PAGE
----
A deputy sheriff in Kentucky shackled two elementary school children who have disabilities for misbehaving, according to a federal lawsuit filed by the American Civil Liberties Union on behalf of the children.
The children, an 8-year-old boy and a 9-year-old girl, were so small that Kenton County Deputy Sheriff Kevin Sumner locked the handcuffs around the children’s biceps and forced their hands behind their backs, the lawsuit charges. Sumner works as a school resource officer in Covington, Kentucky.
The lawsuit seeks an order requiring a change in policies by the Kenton County Sheriff’s Office, and additional training for school resource officers in dealing with young children and children with special needs. It also seeks an unspecified amount of monetary damages against Sumner.
“Shackling children is not okay,” Susan Mizner, disability counsel for the ACLU, said in a statement following the filing of the lawsuit. “It is traumatizing, and in this case it is also illegal.”
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The lawsuit also names Kenton County Sheriff Chuck Korzenborn as a defendant, alleging he failed to adequately train and supervise Sumner, who serves as an officer at several public elementary schools in Covington. The complaint further claims that the Kenton County Sheriff’s Office violated the Americans with Disabilities Act based on its treatment of the children.
“Kentucky’s school personnel are prohibited from using restraints, especially mechanical restraints, to punish children or as a way to force behavior compliance,” said Kim Tandy, executive director of the Children’s Law Center. “These regulations include school resource officers. These are not situations where law enforcement action was necessary.”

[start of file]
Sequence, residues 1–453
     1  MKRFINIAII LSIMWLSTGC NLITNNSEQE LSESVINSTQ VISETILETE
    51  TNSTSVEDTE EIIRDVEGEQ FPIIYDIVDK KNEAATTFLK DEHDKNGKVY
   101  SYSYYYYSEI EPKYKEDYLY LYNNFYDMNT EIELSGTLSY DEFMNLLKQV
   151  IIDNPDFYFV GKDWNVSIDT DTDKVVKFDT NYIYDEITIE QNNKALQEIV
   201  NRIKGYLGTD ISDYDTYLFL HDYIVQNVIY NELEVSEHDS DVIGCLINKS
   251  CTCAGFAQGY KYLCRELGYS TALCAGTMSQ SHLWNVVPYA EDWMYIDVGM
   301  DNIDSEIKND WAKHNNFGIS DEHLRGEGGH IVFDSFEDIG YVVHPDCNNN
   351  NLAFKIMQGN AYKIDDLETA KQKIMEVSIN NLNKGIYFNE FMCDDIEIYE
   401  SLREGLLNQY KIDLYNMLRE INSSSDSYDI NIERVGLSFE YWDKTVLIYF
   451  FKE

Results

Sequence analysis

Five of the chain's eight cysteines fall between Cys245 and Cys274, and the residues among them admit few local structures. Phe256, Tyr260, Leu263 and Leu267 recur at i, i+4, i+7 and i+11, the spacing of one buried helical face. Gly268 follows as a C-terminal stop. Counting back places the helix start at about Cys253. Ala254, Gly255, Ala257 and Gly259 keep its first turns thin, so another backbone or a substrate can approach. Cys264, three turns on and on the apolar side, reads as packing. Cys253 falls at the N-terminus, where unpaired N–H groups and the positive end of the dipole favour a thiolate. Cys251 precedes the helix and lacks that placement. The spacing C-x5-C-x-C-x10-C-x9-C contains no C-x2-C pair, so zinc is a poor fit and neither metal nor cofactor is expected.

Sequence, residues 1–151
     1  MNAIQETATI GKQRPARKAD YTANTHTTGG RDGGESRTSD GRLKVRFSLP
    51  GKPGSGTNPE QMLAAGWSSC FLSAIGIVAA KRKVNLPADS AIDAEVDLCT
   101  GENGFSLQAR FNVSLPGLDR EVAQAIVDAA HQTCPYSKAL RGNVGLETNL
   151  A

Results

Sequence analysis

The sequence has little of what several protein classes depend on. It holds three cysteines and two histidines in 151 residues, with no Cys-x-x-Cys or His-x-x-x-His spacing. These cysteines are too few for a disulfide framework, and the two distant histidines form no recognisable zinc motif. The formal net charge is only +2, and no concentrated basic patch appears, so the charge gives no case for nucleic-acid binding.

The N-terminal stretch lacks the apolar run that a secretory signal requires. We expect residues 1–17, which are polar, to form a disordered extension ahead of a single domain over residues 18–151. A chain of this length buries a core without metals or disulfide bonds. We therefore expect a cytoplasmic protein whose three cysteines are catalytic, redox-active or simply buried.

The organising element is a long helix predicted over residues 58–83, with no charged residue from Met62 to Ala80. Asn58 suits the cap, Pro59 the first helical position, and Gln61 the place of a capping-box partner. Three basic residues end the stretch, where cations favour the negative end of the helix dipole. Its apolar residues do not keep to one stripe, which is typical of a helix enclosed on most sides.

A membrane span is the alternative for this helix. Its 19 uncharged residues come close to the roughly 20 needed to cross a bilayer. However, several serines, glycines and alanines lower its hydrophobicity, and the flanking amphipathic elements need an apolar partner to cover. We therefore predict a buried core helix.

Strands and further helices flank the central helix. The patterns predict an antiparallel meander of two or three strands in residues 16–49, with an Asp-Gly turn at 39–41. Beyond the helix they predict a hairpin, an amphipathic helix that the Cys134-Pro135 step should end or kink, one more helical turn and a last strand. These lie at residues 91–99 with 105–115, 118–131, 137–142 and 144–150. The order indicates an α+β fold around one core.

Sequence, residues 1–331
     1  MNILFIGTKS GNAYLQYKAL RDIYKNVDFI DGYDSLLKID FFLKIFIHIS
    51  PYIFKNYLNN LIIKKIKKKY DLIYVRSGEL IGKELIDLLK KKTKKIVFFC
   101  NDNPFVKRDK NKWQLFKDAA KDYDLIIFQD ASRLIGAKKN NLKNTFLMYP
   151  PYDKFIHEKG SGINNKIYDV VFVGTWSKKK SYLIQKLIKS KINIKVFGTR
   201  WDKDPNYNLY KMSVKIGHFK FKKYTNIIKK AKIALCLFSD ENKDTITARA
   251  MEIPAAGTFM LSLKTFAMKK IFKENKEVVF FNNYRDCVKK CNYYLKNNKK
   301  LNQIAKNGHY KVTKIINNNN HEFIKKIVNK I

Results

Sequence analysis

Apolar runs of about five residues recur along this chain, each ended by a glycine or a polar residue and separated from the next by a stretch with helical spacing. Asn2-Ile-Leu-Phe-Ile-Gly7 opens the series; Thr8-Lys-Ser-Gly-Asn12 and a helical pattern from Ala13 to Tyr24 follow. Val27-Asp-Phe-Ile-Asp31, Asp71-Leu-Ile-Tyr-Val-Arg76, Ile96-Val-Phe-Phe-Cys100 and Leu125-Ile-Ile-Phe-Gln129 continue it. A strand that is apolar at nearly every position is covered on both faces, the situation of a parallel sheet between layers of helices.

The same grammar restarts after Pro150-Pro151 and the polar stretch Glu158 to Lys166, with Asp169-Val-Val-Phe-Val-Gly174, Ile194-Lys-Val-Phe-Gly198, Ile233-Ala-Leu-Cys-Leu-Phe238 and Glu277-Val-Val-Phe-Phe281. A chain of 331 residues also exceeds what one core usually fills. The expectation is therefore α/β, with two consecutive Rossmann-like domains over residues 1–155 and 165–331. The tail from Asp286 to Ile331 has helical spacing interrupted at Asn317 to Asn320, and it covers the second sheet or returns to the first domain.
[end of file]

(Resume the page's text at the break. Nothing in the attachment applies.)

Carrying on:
A video released by the ACLU accompanying the lawsuit shows the boy, S.R., being shackled and crying out in pain. Attorneys representing the child said that S.R. has attention deficit hyperactivity disorder (ADHD) and a history of trauma. The girl, L.G., was twice handcuffed behind her back by her biceps, also causing her pain, the attorneys allege.
L.G. has ADHD and other special needs and the ACLU claims both children were being punished for behavior related to their disabilities. Neither was arrested nor charged with any criminal conduct.
“Using law enforcement to discipline students with disabilities only serves to traumatize children,” Mizner said. “It makes behavioral issues worse and interferes with the school’s role in developing appropriate educational and behavioral plans for them.”
Students with disabilities make up 12 percent of the national student population, but are 75 percent of the students who are physically restrained by adults in their schools, according to the U.S. Department of Education. These disciplinary practices feed into the “school-to-prison pipeline,” where children are funneled out of public schools and into the criminal justice system, advocates charge.
Students of color and students with disabilities are especially vulnerable to such push-out trends and the discriminatory application of discipline. One child in this case is Latino, and the other is Black.
“It is heartbreaking to watch my little boy suffer because of this experience,” S.R.’s mother said in a statement. “It’s hard for him to sleep, he has anxiety, and he is scared of seeing the officer in the school.”